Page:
Hello everyone! We are pleased to be launching the CHI NL Read series! 🚀 Around once a month, through a series of key questions, our board members Lisa and Abdo will invite a member of CHI NL to showcase a recent research paper they published to the wider SIGCHI community and world 🌍.
One of the ideas of CHI NL Read is to make research a bit more accessible to those outside of academic HCI.
As our first guest, we are extremely pleased to have Dr. Amy Winters showcase her recent CHI 2022 LBW work with us, titled “Dynamic Robotic Fibers: Liquid Crystal Elastomers for Programmable and Reversible Shape-Changing Behaviors“.
Lead author’s name:
Amy Winters, Iris Bekkers, Dorsa Nayeb Ghanbar Hosseini, Verindi Vekemans, Samuël Weima, and Miguel Bruns. 2022. Dynamic Robotic Fibers: Liquid Crystal Elastomers for Programmable and Reversible Shape-Changing Behaviors. In Extended Abstracts of the 2022 CHI Conference on Human Factors in Computing Systems (CHI EA ’22). Association for Computing Machinery, New York, NY, USA, Article 353, 1–7. https://doi.org/10.1145/3491101.3519769
TL;DR (if you had to describe this work in one sentence, what would you tell someone?):
We introduce a programmable line-based actuator, a Liquid Crystal Elastomer (LCE) fibre for haptics and shape-changing interfaces in Human Computer Interaction (HCI).
What problem is this research addressing, and why does it matter?
Shape-changing interfaces (SCIs) are often based on pneumatics or motors, offering limited localised haptic feedback for applications like simulated touch. Molecular-level material science offers opportunities to provide high-resolution haptic and visual outputs. This work aims to introduce LCE technology into the field of haptics for HCI.
How did you approach this problem?
A team of chemists, mechanical engineers, and industrial designers worked together to bridge the gap between materials at a molecular level in chemistry towards soft robotic systems. Through a systematic study, we built a control system to analyse the electro-thermal properties and behaviours of the fibre, discovering four patterns of movement: Oscillating Tip, Oscillating Fiber, Tilting and Bending. Alongside the basic principles behind the fabrication of the fiber, we conducted evaluations from interaction design and engineering to gain early-stage impressions of this technology towards haptics in HCI.
What were your key findings?
First to programme a Liquid Crystal Elastomer fibre with an off-the-shelf microcontroller (e.g., Arduino) and identify transitional temperatures for actuation. Second, we offered directions for soft robotic device integration (e.g., for integration into textiles). Lastly, we gave early-stage insights into fibre shape-changing behaviours towards application through experiential observations from both design and engineering.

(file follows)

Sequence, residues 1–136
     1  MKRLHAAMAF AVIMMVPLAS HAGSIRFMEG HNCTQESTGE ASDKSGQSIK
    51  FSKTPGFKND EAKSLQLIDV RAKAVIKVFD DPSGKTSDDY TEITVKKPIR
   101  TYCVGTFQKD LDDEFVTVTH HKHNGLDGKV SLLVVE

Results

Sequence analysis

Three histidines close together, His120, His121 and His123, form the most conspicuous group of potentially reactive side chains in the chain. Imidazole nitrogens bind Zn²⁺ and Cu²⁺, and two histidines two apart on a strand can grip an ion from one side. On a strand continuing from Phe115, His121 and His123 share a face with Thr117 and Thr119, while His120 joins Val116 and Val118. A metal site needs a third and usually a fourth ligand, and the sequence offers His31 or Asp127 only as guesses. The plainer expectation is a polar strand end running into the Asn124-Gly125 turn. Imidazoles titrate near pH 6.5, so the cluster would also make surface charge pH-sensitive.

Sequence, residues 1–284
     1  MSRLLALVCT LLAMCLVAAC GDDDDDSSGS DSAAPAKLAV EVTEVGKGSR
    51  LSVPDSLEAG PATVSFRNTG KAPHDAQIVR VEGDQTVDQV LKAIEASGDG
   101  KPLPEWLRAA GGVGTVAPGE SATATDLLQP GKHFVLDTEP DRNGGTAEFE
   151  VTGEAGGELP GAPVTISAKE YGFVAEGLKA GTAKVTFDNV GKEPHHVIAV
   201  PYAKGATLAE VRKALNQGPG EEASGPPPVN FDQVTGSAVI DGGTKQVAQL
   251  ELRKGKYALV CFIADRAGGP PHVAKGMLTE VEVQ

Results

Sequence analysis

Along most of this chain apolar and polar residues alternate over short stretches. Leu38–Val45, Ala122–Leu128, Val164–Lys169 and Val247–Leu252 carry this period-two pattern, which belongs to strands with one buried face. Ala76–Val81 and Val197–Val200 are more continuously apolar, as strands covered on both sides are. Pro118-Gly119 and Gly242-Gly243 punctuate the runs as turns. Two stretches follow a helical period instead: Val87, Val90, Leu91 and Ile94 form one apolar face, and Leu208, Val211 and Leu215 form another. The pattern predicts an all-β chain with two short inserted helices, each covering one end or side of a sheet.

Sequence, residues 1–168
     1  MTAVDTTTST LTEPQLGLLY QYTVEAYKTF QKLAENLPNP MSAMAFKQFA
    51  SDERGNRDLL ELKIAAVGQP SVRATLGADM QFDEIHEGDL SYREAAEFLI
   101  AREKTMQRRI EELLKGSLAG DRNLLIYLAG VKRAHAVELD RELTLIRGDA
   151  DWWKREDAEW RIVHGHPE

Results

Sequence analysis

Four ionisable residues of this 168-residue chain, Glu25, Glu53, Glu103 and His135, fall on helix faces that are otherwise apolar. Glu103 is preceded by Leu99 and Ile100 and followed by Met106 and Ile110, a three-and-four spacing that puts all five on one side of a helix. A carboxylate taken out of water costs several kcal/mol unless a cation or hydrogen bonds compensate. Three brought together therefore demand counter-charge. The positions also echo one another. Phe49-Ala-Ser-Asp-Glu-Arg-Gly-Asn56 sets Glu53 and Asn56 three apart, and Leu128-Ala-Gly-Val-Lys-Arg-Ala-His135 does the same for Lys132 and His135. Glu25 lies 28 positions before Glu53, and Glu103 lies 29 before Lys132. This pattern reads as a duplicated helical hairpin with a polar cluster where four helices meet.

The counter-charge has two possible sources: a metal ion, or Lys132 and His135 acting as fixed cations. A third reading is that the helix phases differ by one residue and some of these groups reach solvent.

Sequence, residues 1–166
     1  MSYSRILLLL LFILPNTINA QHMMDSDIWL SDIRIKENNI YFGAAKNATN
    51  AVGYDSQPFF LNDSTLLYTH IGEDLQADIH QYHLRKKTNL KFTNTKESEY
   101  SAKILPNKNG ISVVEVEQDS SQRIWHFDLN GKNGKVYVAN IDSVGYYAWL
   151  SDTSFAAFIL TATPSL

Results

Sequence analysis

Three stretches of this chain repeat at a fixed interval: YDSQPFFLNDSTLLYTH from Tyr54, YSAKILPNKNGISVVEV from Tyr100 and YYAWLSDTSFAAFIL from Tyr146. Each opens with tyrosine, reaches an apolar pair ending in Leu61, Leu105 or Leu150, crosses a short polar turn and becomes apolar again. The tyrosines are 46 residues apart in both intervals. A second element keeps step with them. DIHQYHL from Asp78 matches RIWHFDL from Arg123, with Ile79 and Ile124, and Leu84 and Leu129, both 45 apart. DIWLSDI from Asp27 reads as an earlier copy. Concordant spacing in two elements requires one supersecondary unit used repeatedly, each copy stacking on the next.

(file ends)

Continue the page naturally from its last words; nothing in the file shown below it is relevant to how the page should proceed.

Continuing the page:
What is the main message you’d like people to take away?
New kinds of materials such as LCEs offer significant possibilities for developing unique interfaces in the context of HCI. To unleash this potential, however, a multidisciplinary approach is required to comprehend both the functional and experiential characteristics.
Any further reading you recommend?
- Grand Challenges in Shape-Changing Interface Research https://doi.org/10.1145/3173574.3173873
- OmniFiber: Integrated Fluidic Fiber Actuators for Weaving Movement based Interactions into the ‘Fabric of Everyday Life’ https://doi.org/10.1145/3472749.3474802
- Chemical Haptics: Rendering Haptic Sensations via Topical Stimulant https://doi.org/10.1145/3472749.3474747 (to understand more about the experiential properties)
I’m a postdoc at TU/e, Future Everyday Group, Industrial Design. My research examines how the material-turn in HCI allows dynamic materials to express temporal (change-in-time) behaviours, notably in molecular-driven actuators, through theoretical concepts such as “temporal form” and “tension-and-release”, which are typically found in time-based contexts (film, music, dance, games, and storytelling).
My diverse background includes performance design (Central Saint Martins), the founding of my company Rainbow Winters (interactive materials), and a PhD in Textiles (Royal College of Art). Following my PhD, I worked in education (RCA), where I directed and developed the Textiles “Soft Systems” MA. pathway and served as a visiting lecturer for MA. Innovation Design Engineering.
Amy’s website: www.rainbowwinters.com
CHI Nederland (CHI NL) is celebrating its 25th year anniversary this year, and we have much in store to acknowledge this occasion. Stay tuned!